Latest posts by Teresa Mull (see all)
- American Students Are Failing; You Can Thank Public Schools - December 9, 2019
- Five Reasons to be Thankful for School Choice - December 5, 2019
- Teachers Unions Trapping Children in Unsafe, Unhealthy Environments - October 24, 2019
Randi Weingarten, the notorious president of the American Federation of Teachers (AFT), said at a recent AFT convention she and her cronies are going to say “hell no” to the Trump administration because of its support of education choice.
Sigh. If only saying “hell no” were enough to make organizations we didn’t like cease to exist.
Parents have been saying “hell no” to teachers unions for ages, and the fact that Weingarten declared the current administration the “first … to say ‘hell no’ to public education” indicates their voices are finally being heard.
What good, after all, have the teachers unions ever done for anyone except the teachers themselves?
An article on AFT’s website, written by public school darling Diane Ravitch, attempts to explain in terms veiled in faux magnanimity “Why Teacher Unions Are Good for Teachers—and the Public.” Unions are necessary, Ravitch argues, because leaders want “unchecked power to assign, reward, punish, or remove their employees.”
To anyone else, such a situation as the one Ravitch describes is considered “normal conditions of being an employed person,” but to the teachers unions, the threat of losing one’s job or even, it seems, being “rewarded” for a job well-done is unthinkable. They say, “Those who can’t do, teach,” and apparently, those who can’t teach join a teachers union.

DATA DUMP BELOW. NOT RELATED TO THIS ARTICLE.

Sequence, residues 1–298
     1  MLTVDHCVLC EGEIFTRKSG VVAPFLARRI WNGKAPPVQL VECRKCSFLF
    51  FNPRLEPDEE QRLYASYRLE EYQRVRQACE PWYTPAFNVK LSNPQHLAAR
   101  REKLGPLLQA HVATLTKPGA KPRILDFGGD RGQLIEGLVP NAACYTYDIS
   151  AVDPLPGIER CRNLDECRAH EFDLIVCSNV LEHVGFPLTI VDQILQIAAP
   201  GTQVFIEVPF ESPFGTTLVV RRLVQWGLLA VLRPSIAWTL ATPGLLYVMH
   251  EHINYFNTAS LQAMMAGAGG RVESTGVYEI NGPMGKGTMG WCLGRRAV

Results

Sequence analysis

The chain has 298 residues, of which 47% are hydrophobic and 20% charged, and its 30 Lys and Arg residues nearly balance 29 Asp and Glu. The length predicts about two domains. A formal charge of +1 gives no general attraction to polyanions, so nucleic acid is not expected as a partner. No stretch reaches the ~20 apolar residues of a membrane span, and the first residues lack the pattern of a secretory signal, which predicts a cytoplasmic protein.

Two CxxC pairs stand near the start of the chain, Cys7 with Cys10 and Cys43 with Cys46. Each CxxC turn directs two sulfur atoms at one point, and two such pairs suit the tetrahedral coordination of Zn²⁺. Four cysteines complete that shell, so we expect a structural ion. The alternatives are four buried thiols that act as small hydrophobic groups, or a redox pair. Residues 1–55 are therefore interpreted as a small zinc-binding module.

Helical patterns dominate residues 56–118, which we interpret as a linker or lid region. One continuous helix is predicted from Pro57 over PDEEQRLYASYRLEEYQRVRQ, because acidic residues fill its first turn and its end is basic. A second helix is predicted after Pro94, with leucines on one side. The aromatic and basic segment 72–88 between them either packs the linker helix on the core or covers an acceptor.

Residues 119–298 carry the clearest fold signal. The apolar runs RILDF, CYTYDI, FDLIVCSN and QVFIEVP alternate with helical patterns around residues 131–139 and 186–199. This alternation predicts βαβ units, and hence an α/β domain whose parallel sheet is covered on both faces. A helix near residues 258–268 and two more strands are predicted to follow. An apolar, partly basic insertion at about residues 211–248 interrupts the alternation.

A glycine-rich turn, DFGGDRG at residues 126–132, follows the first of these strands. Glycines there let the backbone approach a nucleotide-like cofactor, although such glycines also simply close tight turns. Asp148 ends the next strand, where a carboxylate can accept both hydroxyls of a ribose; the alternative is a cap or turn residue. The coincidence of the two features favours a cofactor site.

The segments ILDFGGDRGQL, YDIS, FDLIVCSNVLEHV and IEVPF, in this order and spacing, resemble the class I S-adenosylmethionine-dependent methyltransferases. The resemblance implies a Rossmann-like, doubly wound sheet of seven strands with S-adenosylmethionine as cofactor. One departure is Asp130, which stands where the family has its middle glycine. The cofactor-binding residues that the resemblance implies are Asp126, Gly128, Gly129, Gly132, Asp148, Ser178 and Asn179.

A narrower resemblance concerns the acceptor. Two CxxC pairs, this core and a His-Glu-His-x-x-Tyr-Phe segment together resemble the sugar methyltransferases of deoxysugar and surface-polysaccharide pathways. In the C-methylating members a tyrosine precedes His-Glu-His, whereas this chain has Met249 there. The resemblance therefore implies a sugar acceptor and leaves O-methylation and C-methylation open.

Ravitch’s argument in favor of tenure is even more far-fetched. “Tenure evolved in the 19th century as one of the few perks available to people who were paid low wages, had classes of 70 or 80 or more, and endured terrible working conditions,” Ravitch wrote, adding that today, “Teacher unions around the country continue to play important roles in protecting the rights of teachers, especially in the current climate of school reform.”
What “rights” teachers have that are different from other professions Ravitch never explains. Perhaps it’s the right for taxpayers to pay millions of dollars for public school teachers to have cosmetic surgery, as they did recently in Buffalo, New York. Or maybe it’s the right for teachers to charge taxpayers $395 million to keep teachers on the job, which is now occurring in Philadelphia.
Without teachers unions, Ravitch declares, “experienced teachers must work under the control of an inexperienced principal,” and teachers would have no voice to counter “the arbitrary exercise of power by heavy-handed administrators,” some of whom are non-educators.
Is it just me, or are all of Ravitch’s arguments reminiscent of those made by a spoiled child?
First, she asserts tenure is still important, despite the fact teachers enduring “terrible working conditions” is a thing of the past. Then she says continuing to be paid regardless of merit and, in some cases, regardless of criminality is fair because that’s how it has been since the 19th century, and teachers have rights!
Ravitch does a fine job of painting public school teachers as rather helpless servants, powerless to the whims of autocratic “non-educators” who seize power—you know, from democratic elections—and wield it mercilessly to make the teachers suffer to satisfy some mysterious vendetta.
How telling it is that Weingarten labeled the Trump administration and its support of education choice as the enemy. Choice means competition, and competition is what the unions fear more than anything. Competition threatens their special interests: their tenure, salary increases, and cosmetic surgeries.
Teachers unions haven’t been relevant since the 19th century, if ever. Were we to say a collective “hell no” to the teachers unions, what would happen? We would purge our education system of a greedy, self-centered mob and replace the people who go into the teaching profession for the taxpayer-funded perks with people who are passionate about the profession and aren’t afraid to work in a world where a job well done is rewarded and the worst employees are weeded out.
[Originally Published at Townhall]